Family of Exmouth air crash victim launch legal action

PUBLISHED: 15:35 01 July 2019 | UPDATED: 09:44 02 July 2019

Joanna Toole, 36, died while on board a flight from Ethiopia to Kenya. Picture: Adrian Toole

Joanna Toole, 36, died while on board a flight from Ethiopia to Kenya. Picture: Adrian Toole

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The family of an Exmouth woman killed in the Ethiopian Airlines Boeing 737 plane crash have launched legal action.

Joanna Toole, who was killed while flying from Ethiopia to Kenya. Picture: Adrian TooleJoanna Toole, who was killed while flying from Ethiopia to Kenya. Picture: Adrian Toole

Joanna Toole's family have instructed lawyers to begin proceedings after the 36-year-old was one of seven British passengers on board Flight ET302 when it crashed on March 10, shortly after take-off from Addis Ababa, Ethiopia, killing all 157 passengers and crew.

An official accident investigation is ongoing into the exact cause of the crash.

Both Boeing and Rosemount Aerospace are named in the law suit filed in Chicago, United States.

A spokesman for Boeing says the company extend its 'deepest condolences' to Joanna's family but that it will not be commenting on the lawsuit directly. A spokesman for Rosemount Areospace also said the company would not be commenting.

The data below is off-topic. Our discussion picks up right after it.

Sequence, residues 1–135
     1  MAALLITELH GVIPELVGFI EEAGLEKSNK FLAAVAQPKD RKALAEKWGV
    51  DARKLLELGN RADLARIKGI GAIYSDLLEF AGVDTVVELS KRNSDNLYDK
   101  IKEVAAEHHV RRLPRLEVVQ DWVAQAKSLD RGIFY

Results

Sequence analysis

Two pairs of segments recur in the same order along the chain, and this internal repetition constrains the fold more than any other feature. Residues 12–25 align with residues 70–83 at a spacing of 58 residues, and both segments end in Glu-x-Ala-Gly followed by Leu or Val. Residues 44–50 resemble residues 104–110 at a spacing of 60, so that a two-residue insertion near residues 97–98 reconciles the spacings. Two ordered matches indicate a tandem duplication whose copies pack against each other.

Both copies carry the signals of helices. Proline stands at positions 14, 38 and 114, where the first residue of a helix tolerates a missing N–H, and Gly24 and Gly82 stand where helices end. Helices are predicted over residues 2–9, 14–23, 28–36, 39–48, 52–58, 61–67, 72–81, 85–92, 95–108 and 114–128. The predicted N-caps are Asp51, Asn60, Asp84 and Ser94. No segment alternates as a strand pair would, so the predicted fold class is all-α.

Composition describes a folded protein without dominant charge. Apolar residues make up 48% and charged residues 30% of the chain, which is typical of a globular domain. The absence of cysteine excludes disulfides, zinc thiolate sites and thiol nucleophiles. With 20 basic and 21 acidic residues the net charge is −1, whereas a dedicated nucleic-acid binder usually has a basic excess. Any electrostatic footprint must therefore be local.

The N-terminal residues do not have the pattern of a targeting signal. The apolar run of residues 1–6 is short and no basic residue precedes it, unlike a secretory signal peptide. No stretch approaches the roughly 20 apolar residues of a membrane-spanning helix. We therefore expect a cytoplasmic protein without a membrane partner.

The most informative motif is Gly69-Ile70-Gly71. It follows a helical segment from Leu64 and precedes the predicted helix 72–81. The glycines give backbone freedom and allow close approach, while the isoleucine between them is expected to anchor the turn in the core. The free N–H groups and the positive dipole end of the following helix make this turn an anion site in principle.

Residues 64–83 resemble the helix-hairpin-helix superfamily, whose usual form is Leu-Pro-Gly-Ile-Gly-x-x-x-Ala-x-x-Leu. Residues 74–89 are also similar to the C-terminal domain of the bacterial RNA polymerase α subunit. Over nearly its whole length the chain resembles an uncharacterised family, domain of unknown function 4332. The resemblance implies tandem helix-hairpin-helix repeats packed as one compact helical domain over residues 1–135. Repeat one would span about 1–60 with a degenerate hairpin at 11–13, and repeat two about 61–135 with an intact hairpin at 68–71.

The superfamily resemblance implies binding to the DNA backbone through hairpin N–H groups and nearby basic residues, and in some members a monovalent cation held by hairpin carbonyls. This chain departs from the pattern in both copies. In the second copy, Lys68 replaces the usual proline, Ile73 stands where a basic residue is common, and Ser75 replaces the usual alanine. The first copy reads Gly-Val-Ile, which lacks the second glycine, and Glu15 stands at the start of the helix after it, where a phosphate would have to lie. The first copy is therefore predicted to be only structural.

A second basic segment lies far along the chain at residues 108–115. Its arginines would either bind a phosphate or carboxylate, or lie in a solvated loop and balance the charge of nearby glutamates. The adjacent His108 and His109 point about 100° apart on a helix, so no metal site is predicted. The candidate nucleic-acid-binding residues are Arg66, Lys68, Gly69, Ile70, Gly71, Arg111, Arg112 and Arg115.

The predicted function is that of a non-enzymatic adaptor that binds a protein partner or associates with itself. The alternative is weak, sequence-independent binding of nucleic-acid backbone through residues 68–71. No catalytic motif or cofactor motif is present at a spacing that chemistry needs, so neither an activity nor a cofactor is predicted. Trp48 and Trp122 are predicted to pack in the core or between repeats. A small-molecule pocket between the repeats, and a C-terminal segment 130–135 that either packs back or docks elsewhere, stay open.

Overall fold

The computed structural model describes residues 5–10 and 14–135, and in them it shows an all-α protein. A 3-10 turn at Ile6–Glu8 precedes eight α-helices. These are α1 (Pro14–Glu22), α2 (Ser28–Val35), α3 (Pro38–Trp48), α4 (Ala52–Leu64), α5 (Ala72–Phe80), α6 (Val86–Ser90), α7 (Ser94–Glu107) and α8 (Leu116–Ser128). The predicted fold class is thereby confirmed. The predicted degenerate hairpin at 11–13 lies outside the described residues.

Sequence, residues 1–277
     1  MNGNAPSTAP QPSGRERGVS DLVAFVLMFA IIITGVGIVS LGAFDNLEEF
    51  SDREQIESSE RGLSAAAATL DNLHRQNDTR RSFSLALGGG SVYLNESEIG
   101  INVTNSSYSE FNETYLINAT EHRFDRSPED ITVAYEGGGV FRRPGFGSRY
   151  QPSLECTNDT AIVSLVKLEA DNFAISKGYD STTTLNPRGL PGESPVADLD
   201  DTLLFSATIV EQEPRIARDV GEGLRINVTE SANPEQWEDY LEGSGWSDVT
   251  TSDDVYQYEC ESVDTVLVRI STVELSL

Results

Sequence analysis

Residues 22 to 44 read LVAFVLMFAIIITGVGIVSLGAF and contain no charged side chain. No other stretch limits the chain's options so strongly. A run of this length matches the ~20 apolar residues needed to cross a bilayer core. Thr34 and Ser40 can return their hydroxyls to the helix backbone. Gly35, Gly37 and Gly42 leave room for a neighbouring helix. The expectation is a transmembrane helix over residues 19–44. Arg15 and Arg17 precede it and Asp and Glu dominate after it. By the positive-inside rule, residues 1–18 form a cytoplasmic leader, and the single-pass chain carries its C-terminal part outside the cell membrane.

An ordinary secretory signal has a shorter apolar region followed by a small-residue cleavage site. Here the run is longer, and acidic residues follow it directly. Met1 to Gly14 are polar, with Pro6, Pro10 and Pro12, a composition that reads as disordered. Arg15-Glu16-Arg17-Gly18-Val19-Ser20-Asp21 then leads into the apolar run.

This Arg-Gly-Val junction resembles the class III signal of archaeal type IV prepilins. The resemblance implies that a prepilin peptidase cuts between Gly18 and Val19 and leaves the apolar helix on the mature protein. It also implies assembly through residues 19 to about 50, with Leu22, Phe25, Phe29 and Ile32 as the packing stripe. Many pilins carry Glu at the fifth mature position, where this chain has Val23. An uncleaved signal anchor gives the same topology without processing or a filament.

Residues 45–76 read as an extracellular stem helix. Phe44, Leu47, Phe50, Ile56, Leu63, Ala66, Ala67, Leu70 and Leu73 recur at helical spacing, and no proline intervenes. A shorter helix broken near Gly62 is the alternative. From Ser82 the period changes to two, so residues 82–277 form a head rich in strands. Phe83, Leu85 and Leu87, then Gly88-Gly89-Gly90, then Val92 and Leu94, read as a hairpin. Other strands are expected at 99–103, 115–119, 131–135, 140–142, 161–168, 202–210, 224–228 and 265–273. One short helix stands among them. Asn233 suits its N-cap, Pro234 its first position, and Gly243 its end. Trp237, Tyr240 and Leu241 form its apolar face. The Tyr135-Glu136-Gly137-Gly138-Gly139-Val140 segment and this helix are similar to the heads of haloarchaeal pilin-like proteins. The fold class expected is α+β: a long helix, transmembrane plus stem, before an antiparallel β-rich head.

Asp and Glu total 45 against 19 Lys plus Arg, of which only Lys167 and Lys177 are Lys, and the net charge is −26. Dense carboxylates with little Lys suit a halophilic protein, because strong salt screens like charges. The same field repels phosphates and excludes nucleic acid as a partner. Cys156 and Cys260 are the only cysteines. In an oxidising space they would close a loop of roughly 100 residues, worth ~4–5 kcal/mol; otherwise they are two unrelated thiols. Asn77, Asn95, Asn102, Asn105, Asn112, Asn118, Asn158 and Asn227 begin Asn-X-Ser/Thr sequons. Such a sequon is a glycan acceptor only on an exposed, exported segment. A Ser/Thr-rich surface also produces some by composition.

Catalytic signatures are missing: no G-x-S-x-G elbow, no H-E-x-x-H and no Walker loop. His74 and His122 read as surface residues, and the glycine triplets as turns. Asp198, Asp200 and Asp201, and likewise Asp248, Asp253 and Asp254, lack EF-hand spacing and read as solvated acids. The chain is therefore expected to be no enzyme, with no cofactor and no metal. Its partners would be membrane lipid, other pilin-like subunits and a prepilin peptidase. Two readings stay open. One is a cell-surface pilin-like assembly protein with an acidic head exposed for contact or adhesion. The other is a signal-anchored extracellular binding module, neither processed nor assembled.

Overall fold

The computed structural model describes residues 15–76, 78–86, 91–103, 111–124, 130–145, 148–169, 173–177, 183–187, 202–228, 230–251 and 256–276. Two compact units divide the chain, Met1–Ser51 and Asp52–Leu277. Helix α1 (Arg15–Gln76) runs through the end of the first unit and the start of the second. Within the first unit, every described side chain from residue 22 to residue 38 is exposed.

Joanna Toole, who was killed while flying from Ethiopia to Kenya. Picture: Adrian TooleJoanna Toole, who was killed while flying from Ethiopia to Kenya. Picture: Adrian Toole

Chris Garmer, Irwin Mitchell partner and head of aviation law team, said the allegations include 'a catalogue of serious failures' by Boeing including fitting new, larger engines to the existing airframe.

He said: "These engines altered the aircraft's handling characteristics and, in particular, caused the nose of the aircraft to pitch upwards in the period following take off, increasing the risk of an engine stall."

Rosemount, which manufactures the 'angle of attack' sensors are named as 'at least one' on board the aircraft was allegedly faulty.

Joanna, who was recently recognised with a posthumous RSPCA Honours award, was on board the plane while working for the United Nations Food and Agriculture Organisation. She was travelling to the UN Environment Assembly in Nairobi, Kenya, when the accident occurred.

Her father, Adrian, said: "Joanna was a wonderfully warm and inspirational person who dedicated her life to the welfare of animals.

"The last few months trying to accept her death in such sudden and unexpected circumstances have been incredibly difficult.

"Since the crash happened we learn more and more about the Boeing 737 MAX and its problems.

"Neither Joanna nor her family knew that there were faults in the design of this plane; with the technology and expertise available to the builders, passengers should have been able to trust that the flight would be without incident.

"We were stunned to learn about the apparent technical issues with the aircraft which was a new and supposedly state-of-the-art plane.

"Nothing can ever bring Joanna back but we hope that by continuing to push for answers about what went wrong, justice will be done and flight safety improved for others in the future."

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